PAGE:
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I went with Lil Snoozy over the Parkliner because of several items. 1. All electric, altho I did consider a special order Parkliner 2. Dedicated bed in the Snoozy 3. More comfortable seating in the Snoozy. 4. Cassette toilet in the Snoozy 5. SPACE!! With Dh accompanying me, and the 3 (became 4 before pickup) cats, the open floor plan of the Snoozy, plus the huge storage under the queen bed, drove the final choice. I also opted for the additional window, our Snoozy let's us feel as one with Mother Nature.

We've boondocked a few times, mostly used campgrounds. Right now we're on the last 4-5 days of a month long vacation to the Canadian Maritimes. I love my Lil Snoozy!
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Old 06-27-2017, 11:12 AM   #55
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All good reasons and very similar to the reasons I liked the snoozy also. To borrow yours for emphasis...

1) One BIG open space, one big room. That's probably the main reason. And with the extra window across from the sofa, it will be even better.

2) All electric. Sounds good to me since I am not a chef and don't need propane for cooking .

3) Dedicated bed in the Snoozy. Still plenty of room in the main cabin.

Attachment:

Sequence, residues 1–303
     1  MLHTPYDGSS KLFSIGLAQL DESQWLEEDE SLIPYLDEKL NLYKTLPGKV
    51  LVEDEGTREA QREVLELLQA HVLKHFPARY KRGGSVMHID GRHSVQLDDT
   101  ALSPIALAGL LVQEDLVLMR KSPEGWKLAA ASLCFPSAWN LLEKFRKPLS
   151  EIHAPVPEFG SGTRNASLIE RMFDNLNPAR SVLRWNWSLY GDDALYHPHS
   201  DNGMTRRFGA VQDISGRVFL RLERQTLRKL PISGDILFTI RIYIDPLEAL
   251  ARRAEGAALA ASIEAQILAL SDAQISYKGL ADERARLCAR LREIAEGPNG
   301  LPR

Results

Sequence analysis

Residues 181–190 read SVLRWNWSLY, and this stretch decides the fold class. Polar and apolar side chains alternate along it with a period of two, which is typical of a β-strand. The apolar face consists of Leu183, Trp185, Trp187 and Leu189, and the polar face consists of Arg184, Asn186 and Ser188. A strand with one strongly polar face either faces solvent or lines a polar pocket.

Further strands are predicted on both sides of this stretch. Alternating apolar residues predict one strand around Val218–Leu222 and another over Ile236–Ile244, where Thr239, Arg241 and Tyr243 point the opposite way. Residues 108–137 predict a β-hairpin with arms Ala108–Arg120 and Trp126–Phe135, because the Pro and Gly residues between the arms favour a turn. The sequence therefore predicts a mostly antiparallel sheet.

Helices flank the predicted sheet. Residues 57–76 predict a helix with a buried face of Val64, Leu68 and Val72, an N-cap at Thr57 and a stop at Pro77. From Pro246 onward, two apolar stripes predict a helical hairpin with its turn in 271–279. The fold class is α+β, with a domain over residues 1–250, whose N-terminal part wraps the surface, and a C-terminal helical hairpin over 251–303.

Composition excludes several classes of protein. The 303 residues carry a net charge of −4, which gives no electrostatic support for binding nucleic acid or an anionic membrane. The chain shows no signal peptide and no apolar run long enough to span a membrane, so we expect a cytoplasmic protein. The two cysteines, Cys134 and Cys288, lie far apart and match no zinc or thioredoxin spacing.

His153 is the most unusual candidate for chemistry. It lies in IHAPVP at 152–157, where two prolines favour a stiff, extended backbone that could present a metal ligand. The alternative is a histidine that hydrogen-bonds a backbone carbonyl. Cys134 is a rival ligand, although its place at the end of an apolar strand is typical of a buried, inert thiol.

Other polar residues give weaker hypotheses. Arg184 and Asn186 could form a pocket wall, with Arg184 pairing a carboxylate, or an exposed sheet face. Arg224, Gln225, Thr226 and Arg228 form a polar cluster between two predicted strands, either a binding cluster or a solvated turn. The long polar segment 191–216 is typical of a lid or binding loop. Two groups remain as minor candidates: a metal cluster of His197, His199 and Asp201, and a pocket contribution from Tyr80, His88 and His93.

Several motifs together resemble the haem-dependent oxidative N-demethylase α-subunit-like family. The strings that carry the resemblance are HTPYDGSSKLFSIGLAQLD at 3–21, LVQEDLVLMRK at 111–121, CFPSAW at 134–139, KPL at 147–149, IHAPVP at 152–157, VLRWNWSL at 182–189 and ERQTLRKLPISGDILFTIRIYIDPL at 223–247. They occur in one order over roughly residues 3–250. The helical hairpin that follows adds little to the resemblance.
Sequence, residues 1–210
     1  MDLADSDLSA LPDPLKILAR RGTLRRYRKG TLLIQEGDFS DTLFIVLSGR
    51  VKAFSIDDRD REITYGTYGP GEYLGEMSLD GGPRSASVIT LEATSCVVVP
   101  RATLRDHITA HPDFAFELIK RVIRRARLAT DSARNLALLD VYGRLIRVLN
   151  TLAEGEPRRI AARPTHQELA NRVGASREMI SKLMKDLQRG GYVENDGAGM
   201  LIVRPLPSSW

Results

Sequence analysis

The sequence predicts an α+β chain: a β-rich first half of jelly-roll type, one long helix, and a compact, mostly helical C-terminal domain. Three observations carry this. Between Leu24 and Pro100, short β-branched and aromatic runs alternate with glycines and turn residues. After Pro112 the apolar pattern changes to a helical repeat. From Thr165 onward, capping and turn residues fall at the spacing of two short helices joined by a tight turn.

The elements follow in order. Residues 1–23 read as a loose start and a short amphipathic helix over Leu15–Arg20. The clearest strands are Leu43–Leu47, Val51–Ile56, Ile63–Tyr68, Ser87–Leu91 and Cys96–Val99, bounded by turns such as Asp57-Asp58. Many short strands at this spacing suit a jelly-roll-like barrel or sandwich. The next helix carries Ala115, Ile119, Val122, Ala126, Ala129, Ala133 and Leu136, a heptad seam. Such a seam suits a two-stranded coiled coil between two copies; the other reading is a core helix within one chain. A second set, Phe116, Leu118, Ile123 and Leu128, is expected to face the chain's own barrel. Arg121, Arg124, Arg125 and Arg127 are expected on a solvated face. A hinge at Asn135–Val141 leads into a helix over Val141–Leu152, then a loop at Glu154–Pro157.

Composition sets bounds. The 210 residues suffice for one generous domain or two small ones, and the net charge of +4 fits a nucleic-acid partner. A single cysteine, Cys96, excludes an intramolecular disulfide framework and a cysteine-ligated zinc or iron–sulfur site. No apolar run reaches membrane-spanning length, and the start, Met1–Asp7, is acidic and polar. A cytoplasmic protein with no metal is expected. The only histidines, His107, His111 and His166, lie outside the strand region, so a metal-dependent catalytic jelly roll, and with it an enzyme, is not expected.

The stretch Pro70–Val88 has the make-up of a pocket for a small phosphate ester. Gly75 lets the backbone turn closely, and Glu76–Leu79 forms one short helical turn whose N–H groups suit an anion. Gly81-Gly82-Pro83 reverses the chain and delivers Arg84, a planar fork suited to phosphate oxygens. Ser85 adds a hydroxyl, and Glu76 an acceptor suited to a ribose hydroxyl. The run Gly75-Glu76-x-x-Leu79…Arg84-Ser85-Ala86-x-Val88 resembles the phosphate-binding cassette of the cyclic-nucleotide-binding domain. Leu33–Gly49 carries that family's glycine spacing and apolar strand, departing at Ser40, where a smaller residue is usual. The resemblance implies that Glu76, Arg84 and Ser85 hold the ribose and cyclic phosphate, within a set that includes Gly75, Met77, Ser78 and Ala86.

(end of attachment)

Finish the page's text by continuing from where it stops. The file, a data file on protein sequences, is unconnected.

4) More comfortable seating in the Snoozy. I wanted to delete the sofa to add a couple of recliners. But the water tank is under one half of the sofa. It may be possible to put a cabinet there or something and have one recliner but that would only be one seat. I'm single so it wouldn't bother me at all.

5) Cassette toilet in the Snoozy. I've never used one but I can get used to it. I like not having a black tank to dump.

6) The huge storage under the queen bed also.

I think those are my reasons probably in that order.
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Old 06-27-2017, 06:33 PM   #56
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Propane for cooking....it is nice to have redundancy when there is a power outage. But that is easily solved with a small one burner portable cook-top that can be powered with a small disposable gas cylinder be it butane or propane. It is also handy to have for cooking outside right at the picnic table so you can keep an eye on the meal and be outdoors. You will see a lot of comments where people prefer to cook outside in order to keep the odors inside that small confined space under control. The vent hoods over the stoves in trailers are not very powerful as they are meant to run on 12volts.